Playing the Real Oldies

The group Ciaramella making the old — the very old, that is — feel like new again. Left to right: Adam Gilbert and Rotem Gilbert on bagpipes; Malachi Komanoff Bandy on hurdy-gurdy; Aki Nishiguchi on the shawm; Jason Yoshida on the drum; and Adam Bregman on the sackbut, a Renaissance trombone. Photos by Henk Friezer

I’ve always been a fan of “oldies’’ music. The kind of music I have always thought of as “oldies” was the Beach Boys, Elvis and maybe up to the Beatles.

Now, think of a group that plays real blasts from the past. I’m talking the 15th Century.

“We think of Bach as modern music,” said Adam Gilbert, director of early music at the Thornton School of Music at USC. He was referring to Johann Sebastian Bach, one of the giants of classical music, who lived from 1685-1750.

Gilbert and his wife Rotem, also a professor at the school, have created a siren’s song so sweet that their entire group of musicians, called Ciaramella, have all moved to South Pasadena.

The professional players are also either professors, have doctorates in early music or are pursuing their Ph.D.s in musicology at USC. That’s a lot of talent and knowledge in early music located in one zip code.

Two pipers piping: Adam Gilbert and Rotem Gilbert.

The Gilberts talk about educational possibilities their children have had; the city environment; and the doctoral and teaching opportunities offered at USC.

So when the Gilberts scheduled a rehearsal at their home last Saturday, over came the group with their shawms (Renaissance oboes); Sackbut (Renaissance trombone); bagpipes; a drum and a variety of recorders. And don’t forget the hurdy-gurdy. It may look like the kind of thing that someone might play with a monkey dancing beside it, but it requires virtuosic skill and a loving touch to make it sing.

Some of the recorders are so big that when the musicians travel, the instruments have to go in rifle containers and be checked at the airport.

The music and the instruments might seem strange at first listen, but all of the players say that they get questions about their music everywhere they go.

The musicians all go to various conferences and do performances for people of all ages. Rotem just got back from performing and teaching in Brazil.

“We work with various kinds of audiences,’’ she said. “We are teaching them as well as playing for and with them.’’

Audiences respond to the look of the instruments and then to the sounds that come from them. That reaction is often: “I like it.’’

Making music the old-fashioned way.

“Even the oldest music is always new again every time it is played or sung,’’ Adam Gilbert said.

The instruments are made according to exact specifications that have been found in manuscripts, using the techniques and materials that are as close as possible to original instruments.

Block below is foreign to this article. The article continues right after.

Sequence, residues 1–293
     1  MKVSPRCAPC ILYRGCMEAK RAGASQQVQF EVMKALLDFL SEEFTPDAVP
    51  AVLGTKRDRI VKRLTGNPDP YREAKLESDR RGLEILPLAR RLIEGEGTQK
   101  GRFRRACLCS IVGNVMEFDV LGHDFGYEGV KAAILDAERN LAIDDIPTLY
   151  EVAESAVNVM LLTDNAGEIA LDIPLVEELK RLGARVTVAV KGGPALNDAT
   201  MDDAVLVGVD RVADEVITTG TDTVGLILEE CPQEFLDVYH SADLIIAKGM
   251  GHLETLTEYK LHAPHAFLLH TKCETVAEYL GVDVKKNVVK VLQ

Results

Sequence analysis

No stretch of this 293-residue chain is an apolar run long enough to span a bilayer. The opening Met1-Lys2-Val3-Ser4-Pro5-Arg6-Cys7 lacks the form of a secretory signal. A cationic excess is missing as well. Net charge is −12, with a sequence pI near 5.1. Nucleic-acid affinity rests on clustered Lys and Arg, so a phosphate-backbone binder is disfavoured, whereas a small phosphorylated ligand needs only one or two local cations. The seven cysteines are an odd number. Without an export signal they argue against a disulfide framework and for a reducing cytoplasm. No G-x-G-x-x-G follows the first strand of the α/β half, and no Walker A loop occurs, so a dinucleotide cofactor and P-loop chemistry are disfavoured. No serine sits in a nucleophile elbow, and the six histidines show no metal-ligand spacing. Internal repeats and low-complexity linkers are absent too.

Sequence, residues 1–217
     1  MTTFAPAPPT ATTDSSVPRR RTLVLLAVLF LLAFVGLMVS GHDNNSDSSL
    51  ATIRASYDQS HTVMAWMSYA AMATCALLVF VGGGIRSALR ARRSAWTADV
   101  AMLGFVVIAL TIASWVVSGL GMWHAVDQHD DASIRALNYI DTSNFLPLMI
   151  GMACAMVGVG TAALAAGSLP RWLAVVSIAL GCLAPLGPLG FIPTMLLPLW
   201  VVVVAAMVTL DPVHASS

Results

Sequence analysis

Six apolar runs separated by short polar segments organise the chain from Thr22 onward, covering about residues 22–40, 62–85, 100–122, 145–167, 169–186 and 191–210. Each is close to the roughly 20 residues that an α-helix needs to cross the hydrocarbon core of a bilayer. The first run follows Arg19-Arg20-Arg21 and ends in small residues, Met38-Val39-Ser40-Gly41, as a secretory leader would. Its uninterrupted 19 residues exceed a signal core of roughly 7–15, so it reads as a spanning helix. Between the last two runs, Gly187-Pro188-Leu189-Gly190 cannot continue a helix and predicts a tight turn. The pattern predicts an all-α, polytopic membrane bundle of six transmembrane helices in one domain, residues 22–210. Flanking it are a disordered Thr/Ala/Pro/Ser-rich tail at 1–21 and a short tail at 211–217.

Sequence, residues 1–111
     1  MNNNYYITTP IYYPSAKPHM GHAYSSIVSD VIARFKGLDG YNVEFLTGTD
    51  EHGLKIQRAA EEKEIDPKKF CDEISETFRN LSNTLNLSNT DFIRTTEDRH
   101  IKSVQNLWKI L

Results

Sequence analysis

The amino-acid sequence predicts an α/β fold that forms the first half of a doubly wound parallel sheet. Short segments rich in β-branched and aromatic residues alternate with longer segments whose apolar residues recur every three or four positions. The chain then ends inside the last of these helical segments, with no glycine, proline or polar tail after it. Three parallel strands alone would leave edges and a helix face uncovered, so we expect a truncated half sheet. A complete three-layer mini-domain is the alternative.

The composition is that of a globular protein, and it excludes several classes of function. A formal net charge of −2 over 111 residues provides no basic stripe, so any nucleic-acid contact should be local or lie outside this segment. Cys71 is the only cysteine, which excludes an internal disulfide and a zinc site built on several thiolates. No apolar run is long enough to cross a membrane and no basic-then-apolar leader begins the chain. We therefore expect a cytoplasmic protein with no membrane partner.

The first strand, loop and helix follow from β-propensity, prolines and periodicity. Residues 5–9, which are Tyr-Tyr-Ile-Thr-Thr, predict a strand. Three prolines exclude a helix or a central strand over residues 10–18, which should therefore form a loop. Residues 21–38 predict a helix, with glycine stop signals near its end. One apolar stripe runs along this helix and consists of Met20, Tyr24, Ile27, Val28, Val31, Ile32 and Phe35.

Renaissance composers often added voices to simple popular melodies.

“This music is often on the cusp between composition and improvisation,’’ Adam

Gilbert said. Like his historical counterparts, Gilbert and his colleagues add improvised voices to the old music, so that music of the past becomes a piece that can be played in the future for several players.

If one melody can become two in music, two Renaissance players can become one in life.

Jason Yoshida and Aki Nishiguchi, who both pursue busy careers teaching and performing Renaissance and Baroque music, laughed that they met in an early-music ensemble with Aki playing oboe and Jason playing the lute.

They remember the piece: “Bach’s Orchestral Suite No. 1 in C Major.’’

And how can they forget the person who officiated at their wedding? It was Adam Gilbert.

At an early-music workshop, Adam Bregman discovered the sackbut and met his wife, who plays the viola de Gamba — a bowed string instrument similar to a cello. Bregman performs and teaches sackbut around the country and in Europe.

The Gilberts fell in love while living and playing early-music concerts in New York City.

Adam and Rotem love not only to teach, but also to preach the gospel of early music. The group also gives concerts throughout the year on the USC campus. Those players, along with Malachi Komanoff Bandy, form the group. Bandy also plays viola de Gamba, shawm, bagpipes and numerous other instruments.

Rotem’s enthusiasm not only is reflected in her playing, but also in her persona. She is one of those people who can bring energy into a room just by being there.

I had a wonderful time. I admit to a predisposition to classical music. I wondered how the neighbors might take to more than an hour’s worth of bagpipes, drums and recorders.

“Oh, we have a lot of garage bands in our neighborhood,’’ Adam Gilbert laughed.

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